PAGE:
Lily raises her voice
Softly spoken 19-year-old Lily has been on quite the journey ever since she decided to enter the ABC’s Heywire competition to tell her story.
From Nowra NSW, Lily entered the competition for regional young Australians following encouragement from one of her teachers at St John the Evangelist Catholic High School.
That proved to be good advice as Lily was named as one of the 2021 competition winners, and had her written and spoken story published on the ABC’s website.
“Winning Heywire has meant that even though I have a disability, I can still make a difference,” Lily says.
“It felt pretty cool that my story would be heard by people from all over Australia.”
Titled ‘The wheelchair isn’t who I am, but it’s definitely shaped who I am,’ Lily’s winning Heywire entry details her challenges with Friedreich’s ataxia, a genetic disorder that affects the nerves and muscles in her body.
It also details her journey with becoming less mobile and her transition to using a wheelchair.
Since winning Heywire, Lily has become a lot more involved in her community.
“Heywire inspired me to be more of an advocate in my local area and so I’ve been involved in community events to support people with disability in their everyday lives,” Lily says.
One way people can get involved and support inclusion for people with disability in their community is through International Day of People with Disability, which occurs on 3 December every year.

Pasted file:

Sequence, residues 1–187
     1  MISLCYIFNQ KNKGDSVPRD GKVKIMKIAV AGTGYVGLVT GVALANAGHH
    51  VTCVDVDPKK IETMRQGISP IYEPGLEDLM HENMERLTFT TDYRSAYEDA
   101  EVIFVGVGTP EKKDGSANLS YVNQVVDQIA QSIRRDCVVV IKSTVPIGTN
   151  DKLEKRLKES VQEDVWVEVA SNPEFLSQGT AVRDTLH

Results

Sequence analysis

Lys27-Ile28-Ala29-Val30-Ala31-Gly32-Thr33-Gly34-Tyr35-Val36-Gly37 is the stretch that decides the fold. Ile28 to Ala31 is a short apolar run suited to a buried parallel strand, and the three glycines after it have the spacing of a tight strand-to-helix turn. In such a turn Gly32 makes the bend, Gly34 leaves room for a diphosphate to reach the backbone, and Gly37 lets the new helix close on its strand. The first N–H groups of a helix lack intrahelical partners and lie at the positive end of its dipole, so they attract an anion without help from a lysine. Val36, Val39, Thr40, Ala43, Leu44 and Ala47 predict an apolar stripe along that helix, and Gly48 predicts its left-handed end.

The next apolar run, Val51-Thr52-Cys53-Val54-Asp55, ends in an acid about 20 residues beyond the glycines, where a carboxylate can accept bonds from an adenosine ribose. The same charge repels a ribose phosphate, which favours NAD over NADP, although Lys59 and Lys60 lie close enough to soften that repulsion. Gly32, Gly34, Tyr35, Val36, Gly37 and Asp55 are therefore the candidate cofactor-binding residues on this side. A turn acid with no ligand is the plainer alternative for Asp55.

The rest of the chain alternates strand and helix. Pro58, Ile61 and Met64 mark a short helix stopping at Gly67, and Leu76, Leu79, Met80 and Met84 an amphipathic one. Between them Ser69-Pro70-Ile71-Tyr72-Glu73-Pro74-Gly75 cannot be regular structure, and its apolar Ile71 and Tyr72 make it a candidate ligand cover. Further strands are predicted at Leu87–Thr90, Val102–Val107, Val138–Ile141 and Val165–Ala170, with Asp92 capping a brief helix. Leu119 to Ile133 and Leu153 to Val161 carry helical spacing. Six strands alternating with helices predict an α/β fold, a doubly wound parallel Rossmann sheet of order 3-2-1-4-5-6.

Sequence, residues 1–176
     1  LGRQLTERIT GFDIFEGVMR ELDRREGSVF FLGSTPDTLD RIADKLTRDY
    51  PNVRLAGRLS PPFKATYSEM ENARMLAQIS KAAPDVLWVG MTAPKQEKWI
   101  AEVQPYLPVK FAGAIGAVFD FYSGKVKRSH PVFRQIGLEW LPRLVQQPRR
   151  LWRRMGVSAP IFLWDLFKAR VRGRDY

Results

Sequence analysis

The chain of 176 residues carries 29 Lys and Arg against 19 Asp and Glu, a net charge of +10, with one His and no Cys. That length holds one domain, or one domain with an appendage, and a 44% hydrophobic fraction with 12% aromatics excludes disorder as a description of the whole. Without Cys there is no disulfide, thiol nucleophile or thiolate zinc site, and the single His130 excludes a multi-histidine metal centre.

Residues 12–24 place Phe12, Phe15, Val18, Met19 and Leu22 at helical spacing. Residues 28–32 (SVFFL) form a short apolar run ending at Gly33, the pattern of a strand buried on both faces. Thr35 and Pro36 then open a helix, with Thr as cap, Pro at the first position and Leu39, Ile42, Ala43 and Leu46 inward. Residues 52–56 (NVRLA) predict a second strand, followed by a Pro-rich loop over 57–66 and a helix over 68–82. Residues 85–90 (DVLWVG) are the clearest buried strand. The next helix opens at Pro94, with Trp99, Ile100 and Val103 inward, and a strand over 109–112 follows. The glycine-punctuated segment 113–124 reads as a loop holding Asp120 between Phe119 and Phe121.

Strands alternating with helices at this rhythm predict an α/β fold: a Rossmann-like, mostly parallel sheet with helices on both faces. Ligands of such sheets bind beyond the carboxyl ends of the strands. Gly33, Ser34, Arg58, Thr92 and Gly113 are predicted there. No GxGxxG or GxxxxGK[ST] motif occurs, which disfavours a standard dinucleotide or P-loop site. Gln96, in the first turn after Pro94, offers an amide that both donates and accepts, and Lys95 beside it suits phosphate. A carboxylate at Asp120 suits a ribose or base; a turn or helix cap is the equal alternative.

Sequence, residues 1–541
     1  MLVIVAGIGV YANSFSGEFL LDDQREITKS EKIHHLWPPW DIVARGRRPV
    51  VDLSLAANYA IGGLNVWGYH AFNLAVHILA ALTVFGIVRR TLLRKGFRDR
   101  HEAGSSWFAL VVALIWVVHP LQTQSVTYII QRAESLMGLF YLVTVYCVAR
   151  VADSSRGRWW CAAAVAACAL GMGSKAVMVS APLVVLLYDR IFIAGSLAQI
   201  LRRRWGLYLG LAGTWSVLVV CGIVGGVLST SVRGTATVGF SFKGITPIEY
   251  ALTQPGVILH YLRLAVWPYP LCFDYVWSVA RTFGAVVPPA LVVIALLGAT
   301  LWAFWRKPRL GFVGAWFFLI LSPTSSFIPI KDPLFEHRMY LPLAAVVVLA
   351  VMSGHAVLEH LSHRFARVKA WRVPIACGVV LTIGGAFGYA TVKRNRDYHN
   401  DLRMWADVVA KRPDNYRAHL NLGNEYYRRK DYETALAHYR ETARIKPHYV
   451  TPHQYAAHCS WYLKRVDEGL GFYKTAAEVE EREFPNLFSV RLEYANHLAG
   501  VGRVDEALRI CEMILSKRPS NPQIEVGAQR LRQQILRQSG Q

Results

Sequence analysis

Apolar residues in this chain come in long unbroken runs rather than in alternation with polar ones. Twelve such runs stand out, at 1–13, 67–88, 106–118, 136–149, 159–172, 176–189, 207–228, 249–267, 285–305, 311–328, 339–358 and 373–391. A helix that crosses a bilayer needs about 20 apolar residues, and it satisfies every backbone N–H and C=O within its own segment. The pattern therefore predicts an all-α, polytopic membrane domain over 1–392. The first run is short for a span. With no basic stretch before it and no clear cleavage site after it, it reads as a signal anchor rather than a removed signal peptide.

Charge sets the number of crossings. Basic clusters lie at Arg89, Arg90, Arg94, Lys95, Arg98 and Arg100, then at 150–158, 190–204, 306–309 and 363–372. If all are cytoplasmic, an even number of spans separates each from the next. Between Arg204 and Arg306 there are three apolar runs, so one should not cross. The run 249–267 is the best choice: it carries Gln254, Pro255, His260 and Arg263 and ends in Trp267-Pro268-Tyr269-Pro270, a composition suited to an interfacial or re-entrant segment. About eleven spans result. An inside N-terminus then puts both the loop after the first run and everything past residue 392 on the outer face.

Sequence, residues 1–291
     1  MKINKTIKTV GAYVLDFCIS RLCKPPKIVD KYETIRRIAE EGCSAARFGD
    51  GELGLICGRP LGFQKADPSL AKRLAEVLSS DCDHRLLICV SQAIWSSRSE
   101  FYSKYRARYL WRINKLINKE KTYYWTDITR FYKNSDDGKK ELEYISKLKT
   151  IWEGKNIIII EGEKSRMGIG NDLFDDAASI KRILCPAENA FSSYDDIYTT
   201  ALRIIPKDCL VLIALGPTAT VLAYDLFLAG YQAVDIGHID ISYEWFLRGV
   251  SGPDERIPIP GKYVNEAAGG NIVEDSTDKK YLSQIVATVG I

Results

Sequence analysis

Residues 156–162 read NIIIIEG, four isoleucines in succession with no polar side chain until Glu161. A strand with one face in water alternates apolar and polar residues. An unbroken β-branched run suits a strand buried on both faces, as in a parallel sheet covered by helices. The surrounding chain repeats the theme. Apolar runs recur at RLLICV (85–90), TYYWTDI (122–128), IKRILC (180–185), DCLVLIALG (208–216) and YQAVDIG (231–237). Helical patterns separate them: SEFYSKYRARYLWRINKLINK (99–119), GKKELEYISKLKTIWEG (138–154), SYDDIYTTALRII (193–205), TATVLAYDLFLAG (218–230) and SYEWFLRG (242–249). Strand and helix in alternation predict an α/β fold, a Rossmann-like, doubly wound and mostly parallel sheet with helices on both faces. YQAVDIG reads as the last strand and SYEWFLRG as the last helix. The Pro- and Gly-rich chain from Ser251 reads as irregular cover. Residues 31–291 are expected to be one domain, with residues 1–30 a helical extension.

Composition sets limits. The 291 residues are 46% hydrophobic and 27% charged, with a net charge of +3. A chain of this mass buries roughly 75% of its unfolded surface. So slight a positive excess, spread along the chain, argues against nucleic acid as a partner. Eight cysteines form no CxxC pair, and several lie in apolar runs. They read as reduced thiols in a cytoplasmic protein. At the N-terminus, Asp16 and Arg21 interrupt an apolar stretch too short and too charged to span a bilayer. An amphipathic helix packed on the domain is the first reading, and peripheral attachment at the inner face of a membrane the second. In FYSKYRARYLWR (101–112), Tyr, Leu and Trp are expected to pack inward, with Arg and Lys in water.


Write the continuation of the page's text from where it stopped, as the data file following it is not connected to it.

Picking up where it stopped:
“International Day of People with Disability is important to me because it recognises people with disability as human beings and shows their importance in society,” Lily says.
“Inclusion to me is the acceptance and celebration of the wonderful, diverse backgrounds of people in our society and in our daily lives,” Lily says.
“The contributions and achievements of people with disability is something to celebrate as they have had an impact on the inclusive society we live in today.
“It’s an important day holding an important message that I will be sharing with the people I know.”
Apart from her advocacy work in her community, Lily is currently studying a Bachelor of Social Work at the University of Wollongong.
“I hope that in the future I will have a career where I can support the lives of people with disability to accomplish their goals,” Lily says.
She also has some sound advice for other young regional and rural Australians thinking of entering the Heywire competition.
“Go for it and know that your voice does matter.”
Heywire is an annual storytelling competition run by the ABC in partnership with the Australian Government. The competition encourages young people aged 16-22 living in regional or rural Australia to share their story and experiences. To learn more, visit www.abc.net.au/heywire